Creative Team

Michael Shamata (Concept / Director)
Tobin Stokes (Musical Director)
Cory Sincennes (Designer)
Alan Brodie (Lighting Designer)
Laura Krewski (Choreographer)
Deborah Williams (Assistant Director)
Anton Lipovetsky (Assistant Musical Director)
Paul Tedeschini (Sound Designer)
Amy Jewell (Stage Manager)
Christopher Sibbald (Assistant Stage Manager)


Jonathan Gould
Brent Jarvis (Piano)
Evangelia Kambites
Linda Kidder
Anton Lipovetsky.

Audience Advice: the show is approximately 95 minutes long, including the intermission, and contains the use of stage haze.

Disclaimer: I was offered complimentary tickets to attend I Think I’m Fallin’

Live Events
Throughout I Think I’m Fallin’ – The Songs of Joni Mitchell we’ll host a number of events that will deepen our audience’s experience.

Saturday, November 5 at 11 am

Belfry Theatre, Studio A, 1291 Gladstone Avenue
Free Event. Join us in Studio A for a live talk show hosted by CBC Radio’s Gregor Craigie, featuring creators Michael Shamata and Tobin Stokes, actor Evangelia Kambites, teacher and musician Robert Holliston and singer / songwriter Kathryn Calder.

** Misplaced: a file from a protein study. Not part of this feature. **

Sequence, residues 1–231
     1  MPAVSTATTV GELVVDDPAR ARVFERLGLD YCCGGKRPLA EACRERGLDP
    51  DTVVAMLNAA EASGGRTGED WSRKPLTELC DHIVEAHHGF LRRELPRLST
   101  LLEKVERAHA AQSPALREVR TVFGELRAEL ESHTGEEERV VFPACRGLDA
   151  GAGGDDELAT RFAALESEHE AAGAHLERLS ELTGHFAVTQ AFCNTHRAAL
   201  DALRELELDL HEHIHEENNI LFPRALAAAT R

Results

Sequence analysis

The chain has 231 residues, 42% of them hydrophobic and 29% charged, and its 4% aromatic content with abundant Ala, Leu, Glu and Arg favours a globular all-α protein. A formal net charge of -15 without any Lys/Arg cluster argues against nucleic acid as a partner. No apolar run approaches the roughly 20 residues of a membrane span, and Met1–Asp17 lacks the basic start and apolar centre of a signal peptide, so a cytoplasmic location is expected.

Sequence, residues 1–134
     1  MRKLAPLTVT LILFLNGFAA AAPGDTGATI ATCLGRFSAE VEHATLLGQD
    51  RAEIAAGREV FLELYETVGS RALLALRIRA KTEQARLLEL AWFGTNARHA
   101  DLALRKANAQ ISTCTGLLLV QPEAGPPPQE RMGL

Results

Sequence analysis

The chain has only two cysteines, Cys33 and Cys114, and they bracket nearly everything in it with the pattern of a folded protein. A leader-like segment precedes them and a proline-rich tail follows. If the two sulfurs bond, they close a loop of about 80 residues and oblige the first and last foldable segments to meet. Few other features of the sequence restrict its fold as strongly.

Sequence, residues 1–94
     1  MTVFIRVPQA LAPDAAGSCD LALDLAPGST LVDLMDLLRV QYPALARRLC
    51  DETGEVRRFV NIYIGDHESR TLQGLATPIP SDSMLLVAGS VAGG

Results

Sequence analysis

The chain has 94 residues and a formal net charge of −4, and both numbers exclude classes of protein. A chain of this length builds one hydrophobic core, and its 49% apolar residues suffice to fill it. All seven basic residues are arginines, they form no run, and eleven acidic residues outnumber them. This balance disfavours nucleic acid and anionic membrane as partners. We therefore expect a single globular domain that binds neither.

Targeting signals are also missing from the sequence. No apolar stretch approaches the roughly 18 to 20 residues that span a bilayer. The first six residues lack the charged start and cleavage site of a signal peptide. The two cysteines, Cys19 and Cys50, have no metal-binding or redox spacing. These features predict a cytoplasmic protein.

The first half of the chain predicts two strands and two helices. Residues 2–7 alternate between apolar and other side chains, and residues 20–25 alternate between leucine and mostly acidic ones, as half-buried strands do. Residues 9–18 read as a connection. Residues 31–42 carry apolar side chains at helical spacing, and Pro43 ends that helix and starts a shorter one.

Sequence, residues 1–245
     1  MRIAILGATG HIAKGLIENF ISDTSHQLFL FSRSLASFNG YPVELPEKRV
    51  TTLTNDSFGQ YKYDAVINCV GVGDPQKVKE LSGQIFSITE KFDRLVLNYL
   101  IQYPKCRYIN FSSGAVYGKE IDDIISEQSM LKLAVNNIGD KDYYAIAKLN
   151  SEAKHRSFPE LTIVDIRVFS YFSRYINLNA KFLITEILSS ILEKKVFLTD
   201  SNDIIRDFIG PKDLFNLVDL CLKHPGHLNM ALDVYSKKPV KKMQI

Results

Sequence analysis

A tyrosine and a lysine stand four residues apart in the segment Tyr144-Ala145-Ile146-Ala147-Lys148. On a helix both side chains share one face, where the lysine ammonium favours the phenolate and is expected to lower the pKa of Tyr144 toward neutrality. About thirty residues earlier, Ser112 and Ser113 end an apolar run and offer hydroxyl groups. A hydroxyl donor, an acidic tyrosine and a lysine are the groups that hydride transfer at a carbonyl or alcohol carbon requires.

Facilitated discussions – audience member to audience member – following every evening Mainstage performance of I Think I’m Fallin’ – The Songs of Joni Mitchell (except Opening Night and Talkback Thursday). These are a great opportunity to share your thoughts and hear how fellow patrons reacted to the show.

Thursday, November 17
Meet the actors from I Think I’m Fallin’ – The Songs of Joni Mitchell post-performance when they return to the stage to answer questions and provide insight into the play.

Sunday, November 27 at 2 pm
For our patrons with low or no vision, we’ll offer a VocalEye performance during I Think I’m Fallin’ – The Songs of Joni Mitchell. Trained Audio Describers provide descriptions of the visual elements of the show, allowing people with low vision to enjoy the theatrical experience without missing any of the details.